9. Anonymous Coward
    Happy

    Will it? / Won't it?

    I managed to finally get my little Windows10 tablet to update from 1909 to 21H1 the other day, so I was interested in what Windows Update might say about WIndows 11 :

    This PC doesn't currently meet all the system requirements for Windows 11

    Phew, I was worried for a moment.

  10. nohomo

    I will not install Windows 19!

    I'd rather wait for reports on long-term use...

  11. Conundrum1885

    TPM

    Its bad when TPM 2.0 modules are selling for more than the cost of a new motherboard.

    1. James O'Shea

      Re: TPM

      Only extreme fanbois would pay that. I certainly won't. And I say that as someone who has bought a lot of Apple equipment. When Mac users say that something costs too much, you gotta know that there's a problem.

      Besides, there's a software fix for the TPM problem on many motherboards.

      1. Conundrum1885

        Re: TPM

        Alas it only works if the board has one of the newer CPUs with soft TPM.

        At least for mine, which has a TPM slot but alas not the more recent version so likely won't work.

        Also CPU is not supported as Xeon E3 1150.

  12. Uncle Ron

    2025

    My understanding is that 10 will continue to be supported (at least with security "fixes" until 2025.) Am I wrong? I will dual-boot all my home machines to Linux (either Zorin or Mint) beginning about 6 to 12 months in advance, and when 10 "goes away," so will I. Unless MS relents on it's terrible plan.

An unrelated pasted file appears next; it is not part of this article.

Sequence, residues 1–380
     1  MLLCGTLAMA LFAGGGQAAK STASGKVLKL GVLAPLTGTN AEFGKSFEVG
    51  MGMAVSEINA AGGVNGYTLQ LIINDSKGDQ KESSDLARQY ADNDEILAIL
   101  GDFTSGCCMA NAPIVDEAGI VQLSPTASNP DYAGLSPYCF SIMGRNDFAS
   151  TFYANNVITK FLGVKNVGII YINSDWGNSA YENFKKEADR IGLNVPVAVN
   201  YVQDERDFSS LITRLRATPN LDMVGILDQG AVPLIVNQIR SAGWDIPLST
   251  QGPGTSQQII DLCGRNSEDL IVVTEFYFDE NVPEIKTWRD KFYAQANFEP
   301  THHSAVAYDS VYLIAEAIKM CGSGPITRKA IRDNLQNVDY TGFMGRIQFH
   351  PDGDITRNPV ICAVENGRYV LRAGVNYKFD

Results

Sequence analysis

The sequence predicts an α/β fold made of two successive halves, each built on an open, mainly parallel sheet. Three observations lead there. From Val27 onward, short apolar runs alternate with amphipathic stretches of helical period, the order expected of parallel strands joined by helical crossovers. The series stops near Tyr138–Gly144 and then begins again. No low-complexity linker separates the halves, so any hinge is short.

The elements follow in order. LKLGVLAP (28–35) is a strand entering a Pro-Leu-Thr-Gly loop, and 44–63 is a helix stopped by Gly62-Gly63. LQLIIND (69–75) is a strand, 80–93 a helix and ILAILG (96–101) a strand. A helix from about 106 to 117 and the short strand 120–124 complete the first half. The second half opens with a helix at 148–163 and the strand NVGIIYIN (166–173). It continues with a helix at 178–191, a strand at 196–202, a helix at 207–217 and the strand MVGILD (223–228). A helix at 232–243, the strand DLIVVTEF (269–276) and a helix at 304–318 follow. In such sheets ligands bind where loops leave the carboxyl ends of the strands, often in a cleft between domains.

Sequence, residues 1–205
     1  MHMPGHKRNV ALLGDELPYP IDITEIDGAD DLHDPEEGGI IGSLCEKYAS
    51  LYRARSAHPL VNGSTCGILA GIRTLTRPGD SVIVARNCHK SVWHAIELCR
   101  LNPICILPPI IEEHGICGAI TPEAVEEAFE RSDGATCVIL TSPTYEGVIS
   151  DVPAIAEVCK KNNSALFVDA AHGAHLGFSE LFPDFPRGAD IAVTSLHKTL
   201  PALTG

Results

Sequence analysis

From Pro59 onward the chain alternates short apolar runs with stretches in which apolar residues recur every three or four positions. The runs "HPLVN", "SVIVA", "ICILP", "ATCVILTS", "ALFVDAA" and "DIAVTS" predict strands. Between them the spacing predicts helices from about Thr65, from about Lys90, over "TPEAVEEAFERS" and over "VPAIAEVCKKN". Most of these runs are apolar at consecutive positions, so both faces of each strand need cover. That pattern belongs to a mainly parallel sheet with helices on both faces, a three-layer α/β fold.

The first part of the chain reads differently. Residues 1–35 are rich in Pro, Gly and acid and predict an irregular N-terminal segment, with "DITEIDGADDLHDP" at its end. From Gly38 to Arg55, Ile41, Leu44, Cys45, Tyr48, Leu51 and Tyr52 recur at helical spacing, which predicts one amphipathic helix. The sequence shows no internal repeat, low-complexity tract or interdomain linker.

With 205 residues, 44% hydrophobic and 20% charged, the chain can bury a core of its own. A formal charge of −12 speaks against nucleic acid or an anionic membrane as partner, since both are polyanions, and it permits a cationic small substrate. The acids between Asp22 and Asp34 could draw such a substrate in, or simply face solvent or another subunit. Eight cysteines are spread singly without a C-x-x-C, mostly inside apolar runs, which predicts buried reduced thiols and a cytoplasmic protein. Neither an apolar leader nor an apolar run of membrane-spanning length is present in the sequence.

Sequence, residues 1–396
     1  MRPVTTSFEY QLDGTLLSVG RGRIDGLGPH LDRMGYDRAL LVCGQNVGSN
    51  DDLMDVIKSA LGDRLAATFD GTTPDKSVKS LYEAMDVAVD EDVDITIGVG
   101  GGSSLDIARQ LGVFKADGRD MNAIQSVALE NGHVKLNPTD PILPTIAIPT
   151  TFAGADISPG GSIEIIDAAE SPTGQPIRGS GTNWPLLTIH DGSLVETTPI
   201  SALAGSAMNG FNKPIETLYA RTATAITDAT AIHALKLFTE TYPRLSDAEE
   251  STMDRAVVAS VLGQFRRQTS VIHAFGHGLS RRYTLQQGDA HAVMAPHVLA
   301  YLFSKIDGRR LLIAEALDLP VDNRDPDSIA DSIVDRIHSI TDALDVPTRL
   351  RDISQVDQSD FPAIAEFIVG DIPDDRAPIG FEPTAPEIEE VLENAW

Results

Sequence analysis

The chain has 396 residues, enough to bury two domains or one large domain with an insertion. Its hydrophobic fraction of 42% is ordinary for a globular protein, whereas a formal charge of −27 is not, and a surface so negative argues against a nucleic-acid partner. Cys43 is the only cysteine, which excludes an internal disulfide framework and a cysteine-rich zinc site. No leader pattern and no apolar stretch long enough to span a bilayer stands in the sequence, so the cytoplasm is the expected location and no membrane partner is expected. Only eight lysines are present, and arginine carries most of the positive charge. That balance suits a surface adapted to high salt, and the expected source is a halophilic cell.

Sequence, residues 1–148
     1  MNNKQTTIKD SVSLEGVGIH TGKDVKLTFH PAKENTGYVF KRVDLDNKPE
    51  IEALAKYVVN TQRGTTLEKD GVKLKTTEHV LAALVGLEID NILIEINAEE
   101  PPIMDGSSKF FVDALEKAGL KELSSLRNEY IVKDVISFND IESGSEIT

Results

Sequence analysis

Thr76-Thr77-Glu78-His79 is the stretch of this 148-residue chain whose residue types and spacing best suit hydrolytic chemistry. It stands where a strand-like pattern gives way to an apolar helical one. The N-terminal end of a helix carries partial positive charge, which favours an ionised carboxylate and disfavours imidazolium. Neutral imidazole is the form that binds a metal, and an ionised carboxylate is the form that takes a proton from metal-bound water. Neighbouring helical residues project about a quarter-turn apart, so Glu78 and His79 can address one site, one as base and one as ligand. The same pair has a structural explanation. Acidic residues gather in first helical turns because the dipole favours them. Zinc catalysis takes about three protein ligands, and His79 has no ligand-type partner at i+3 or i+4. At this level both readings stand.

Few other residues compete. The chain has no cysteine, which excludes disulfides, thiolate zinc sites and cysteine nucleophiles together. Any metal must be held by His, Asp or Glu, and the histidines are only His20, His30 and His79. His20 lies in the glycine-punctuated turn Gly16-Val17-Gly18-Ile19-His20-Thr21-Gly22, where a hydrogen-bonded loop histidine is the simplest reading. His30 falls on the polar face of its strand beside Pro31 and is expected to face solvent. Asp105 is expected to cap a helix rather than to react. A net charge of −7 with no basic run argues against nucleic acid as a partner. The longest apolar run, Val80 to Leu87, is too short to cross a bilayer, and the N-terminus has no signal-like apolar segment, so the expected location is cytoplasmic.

If I believed for a nano-second that 11 would place even a *dent* in the vulnerability of every Windows computer on the planet--viruses, malware, hacks, leaks, ransom-ware, identity-theft, etc.,--I might be interested. Evil-doers all over the world will take said nano-second to get around TPM and whatever else is in this new spaghetti code. And I'm not at all interested in spinning up and maintaining virtual machines in order to run Windows 11. Forget it. The only beneficiaries of this HW BS are the HW manufacturers. New PC's will be required for ~50% of EVERYBODY. No Thanks. When support for 10 ends, it's Linux for me. Goodbye MS BS.

    1. trapper

      Re: 2025

      Oh gosh, I did that when Win7 hit EOL - 8 & 8.1 sucked; 10 was a hard-to-dodge imposition with crowdsourced QC, the cheapskates. Just like 10, Redmond has stepped on its own crank with golf shoes and insists on stepping on mine. No. No. Have 4 machines here, all running Mint Linux. Only real problems I've had are with printer drivers and GPU drivers that don't work as well as their counterparts do in a Windows installation. Win7 is on another drive with the internet access turned off, accessible via Restart/F8 to run, clicking in Computer to mount & access drive contents. Duh. I have what I need.

      1. Anonymous Coward
        Anonymous Coward

        Re: 2025